Bernard Orsman

Bernard Orsman is Super City reporter for the NZ Herald.

Tip Top deal leaves icecream makers cold

Tommy Holden (left) and James Crow fear losing summer business if Fonterra gets rights to sell its Tip Top icecream at public events and council-owned premises. Photo / Dean Purcell
Tommy Holden (left) and James Crow fear losing summer business if Fonterra gets rights to sell its Tip Top icecream at public events and council-owned premises. Photo / Dean Purcell

Icecream makers are worried by revelations that the Auckland Council is negotiating a 10-year deal to give Tip Top selling rights at public pools, parks, the waterfront and events.

Rival firms fear being shut out of places like Auckland Domain and the waterfront where icecream sales do a roaring trade in summer.

"Tip Top are going to cream it and take out the opposition in Auckland," said one competitor.

New Zealanders are among the biggest eaters of icecream in the world, getting through an average of 22 litres each every year.

Brett O'Riley, who heads the council's economic arm, says there are no plans to give Fonterra "blanket exclusivity" to sell its Tip Top icecream.

He said artisan producers would still be able to sell their icecream at council locations and events.

Commercial discussions were taking place with other icecream makers, he said, but would not name names.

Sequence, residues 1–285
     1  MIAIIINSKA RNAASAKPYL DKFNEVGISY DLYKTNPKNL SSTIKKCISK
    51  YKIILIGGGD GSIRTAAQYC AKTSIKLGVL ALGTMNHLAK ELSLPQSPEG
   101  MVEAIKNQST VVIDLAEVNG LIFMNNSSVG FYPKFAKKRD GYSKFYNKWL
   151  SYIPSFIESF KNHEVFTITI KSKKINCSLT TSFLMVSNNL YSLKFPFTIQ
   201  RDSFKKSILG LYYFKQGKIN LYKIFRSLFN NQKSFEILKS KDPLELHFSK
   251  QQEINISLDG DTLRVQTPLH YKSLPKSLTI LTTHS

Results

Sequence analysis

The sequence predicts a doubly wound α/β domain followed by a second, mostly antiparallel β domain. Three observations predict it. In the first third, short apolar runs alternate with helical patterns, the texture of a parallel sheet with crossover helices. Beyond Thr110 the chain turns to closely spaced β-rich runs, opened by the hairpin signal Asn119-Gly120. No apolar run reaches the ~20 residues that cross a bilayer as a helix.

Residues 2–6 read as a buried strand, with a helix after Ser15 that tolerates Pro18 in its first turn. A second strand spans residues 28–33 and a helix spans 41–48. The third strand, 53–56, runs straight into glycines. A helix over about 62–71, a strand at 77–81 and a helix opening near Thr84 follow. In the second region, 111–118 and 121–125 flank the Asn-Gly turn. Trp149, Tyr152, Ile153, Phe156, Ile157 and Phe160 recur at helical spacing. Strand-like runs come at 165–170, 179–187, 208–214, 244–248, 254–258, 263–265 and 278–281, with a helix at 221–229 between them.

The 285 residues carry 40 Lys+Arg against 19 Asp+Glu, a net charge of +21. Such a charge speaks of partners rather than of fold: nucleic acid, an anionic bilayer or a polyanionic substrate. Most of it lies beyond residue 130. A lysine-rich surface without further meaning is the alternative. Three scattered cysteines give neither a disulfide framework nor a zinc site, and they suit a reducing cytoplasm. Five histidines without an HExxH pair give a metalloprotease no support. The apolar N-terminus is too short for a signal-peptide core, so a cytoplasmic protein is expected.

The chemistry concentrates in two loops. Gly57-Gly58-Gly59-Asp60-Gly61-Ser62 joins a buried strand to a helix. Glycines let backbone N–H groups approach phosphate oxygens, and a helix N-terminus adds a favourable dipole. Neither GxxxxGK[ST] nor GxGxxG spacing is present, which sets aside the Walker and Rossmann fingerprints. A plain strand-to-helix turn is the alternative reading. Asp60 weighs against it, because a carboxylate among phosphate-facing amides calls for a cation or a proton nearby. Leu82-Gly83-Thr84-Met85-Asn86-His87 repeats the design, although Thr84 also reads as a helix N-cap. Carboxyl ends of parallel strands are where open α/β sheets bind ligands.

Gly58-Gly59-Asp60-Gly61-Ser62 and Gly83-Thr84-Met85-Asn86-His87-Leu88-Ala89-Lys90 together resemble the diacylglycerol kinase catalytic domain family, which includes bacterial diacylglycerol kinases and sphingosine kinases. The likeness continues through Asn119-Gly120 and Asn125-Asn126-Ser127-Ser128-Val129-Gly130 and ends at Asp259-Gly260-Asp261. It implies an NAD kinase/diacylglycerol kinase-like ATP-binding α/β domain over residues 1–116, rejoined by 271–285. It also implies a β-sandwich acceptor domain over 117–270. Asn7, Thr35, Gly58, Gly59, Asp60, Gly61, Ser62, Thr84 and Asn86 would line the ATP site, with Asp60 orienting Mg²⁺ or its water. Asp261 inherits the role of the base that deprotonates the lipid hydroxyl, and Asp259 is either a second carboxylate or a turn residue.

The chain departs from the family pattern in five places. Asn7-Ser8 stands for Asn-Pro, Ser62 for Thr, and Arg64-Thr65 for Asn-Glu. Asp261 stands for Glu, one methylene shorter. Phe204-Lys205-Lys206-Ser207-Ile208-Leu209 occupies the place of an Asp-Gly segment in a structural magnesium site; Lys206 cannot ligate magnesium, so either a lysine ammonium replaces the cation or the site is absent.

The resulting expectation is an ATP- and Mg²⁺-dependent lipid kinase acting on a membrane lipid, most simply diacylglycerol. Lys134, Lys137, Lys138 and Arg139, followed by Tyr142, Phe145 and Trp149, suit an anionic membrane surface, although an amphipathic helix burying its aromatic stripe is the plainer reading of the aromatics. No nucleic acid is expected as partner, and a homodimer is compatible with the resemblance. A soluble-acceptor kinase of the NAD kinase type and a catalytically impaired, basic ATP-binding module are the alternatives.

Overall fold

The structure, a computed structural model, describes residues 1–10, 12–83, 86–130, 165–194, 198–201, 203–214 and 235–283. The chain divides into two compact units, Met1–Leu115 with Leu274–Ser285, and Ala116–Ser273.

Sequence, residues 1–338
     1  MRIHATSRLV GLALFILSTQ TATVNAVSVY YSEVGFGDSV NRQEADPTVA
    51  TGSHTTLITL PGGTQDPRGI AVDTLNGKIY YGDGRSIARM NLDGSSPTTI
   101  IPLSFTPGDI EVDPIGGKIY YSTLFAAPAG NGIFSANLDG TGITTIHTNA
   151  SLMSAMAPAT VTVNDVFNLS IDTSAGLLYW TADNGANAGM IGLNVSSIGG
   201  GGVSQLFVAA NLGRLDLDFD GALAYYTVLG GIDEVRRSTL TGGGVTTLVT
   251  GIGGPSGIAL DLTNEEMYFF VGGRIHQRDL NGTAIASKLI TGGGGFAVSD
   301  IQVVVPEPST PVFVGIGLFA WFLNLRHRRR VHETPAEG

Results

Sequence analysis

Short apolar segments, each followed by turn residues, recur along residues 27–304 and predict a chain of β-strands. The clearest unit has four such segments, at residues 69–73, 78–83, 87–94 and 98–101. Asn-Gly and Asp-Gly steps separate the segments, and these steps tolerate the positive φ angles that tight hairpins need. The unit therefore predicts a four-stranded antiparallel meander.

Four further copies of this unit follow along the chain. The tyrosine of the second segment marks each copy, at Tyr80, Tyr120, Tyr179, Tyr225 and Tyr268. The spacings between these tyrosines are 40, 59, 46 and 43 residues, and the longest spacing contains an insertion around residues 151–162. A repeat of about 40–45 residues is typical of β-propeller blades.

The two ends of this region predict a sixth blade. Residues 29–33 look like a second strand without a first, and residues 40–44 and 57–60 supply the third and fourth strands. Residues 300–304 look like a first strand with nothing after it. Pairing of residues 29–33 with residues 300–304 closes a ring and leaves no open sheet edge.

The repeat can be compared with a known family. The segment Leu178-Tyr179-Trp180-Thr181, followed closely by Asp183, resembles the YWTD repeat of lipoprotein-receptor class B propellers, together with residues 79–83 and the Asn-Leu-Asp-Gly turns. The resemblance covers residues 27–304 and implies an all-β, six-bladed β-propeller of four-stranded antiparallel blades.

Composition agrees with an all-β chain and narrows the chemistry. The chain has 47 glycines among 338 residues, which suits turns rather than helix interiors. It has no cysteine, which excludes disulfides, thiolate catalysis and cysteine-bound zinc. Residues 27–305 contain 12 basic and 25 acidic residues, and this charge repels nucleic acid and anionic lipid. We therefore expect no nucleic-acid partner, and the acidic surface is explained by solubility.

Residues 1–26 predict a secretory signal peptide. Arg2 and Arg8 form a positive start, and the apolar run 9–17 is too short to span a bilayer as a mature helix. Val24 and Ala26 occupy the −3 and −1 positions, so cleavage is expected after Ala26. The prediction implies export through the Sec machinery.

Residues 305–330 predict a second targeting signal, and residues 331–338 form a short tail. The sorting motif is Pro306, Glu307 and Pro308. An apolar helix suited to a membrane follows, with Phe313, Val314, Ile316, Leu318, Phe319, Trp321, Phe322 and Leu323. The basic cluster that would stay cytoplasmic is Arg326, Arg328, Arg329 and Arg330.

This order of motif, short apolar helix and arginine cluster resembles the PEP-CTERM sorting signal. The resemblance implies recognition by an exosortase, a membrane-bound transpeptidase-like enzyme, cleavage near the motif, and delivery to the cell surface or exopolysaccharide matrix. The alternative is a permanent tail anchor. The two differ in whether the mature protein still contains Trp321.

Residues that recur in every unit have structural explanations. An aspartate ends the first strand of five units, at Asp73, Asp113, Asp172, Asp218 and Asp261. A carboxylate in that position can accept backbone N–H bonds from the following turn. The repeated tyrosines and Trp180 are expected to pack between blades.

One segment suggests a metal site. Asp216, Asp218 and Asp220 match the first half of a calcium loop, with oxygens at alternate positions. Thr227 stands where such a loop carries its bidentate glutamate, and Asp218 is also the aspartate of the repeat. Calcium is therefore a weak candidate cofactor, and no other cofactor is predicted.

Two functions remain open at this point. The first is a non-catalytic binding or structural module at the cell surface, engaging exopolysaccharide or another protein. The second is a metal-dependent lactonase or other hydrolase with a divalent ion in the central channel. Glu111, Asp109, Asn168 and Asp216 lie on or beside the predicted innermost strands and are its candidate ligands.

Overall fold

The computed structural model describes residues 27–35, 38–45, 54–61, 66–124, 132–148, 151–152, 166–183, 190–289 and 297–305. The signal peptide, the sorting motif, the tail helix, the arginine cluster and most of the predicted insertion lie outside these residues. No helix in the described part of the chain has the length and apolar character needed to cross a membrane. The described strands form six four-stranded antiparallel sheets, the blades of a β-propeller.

Fonterra brands manager Peter McClure said this week the company was close to reaching a commercial deal to "give us selling rights for 10 years" for Tip Top icecream.

James Crow and Tommy Holden, who set up their Nice Blocks brand in 2010, said council events were great incubators for small businesses.

They started selling iceblocks at the Big Gay Out.

After making $3,500 in the summer of 2010 their turnover has grown to $750,000 this year.

"This is just a big business deal done with our council stepping on the throats of small businesses trying to succeed in Auckland," Mr Holden said.

Chris Dorn, the New Zealand general manager of Mr Whippy, said a 10-year deal sounded scary. He said council parks and sports fields accounted for a big part of business for the 11 Mr Whippy vans in Auckland.

Mr O'Riley said the Fonterra deal would create more value for ratepayers, but not at the expense of artisan and small producers, whom Ateed was committed to.

- NZ Herald

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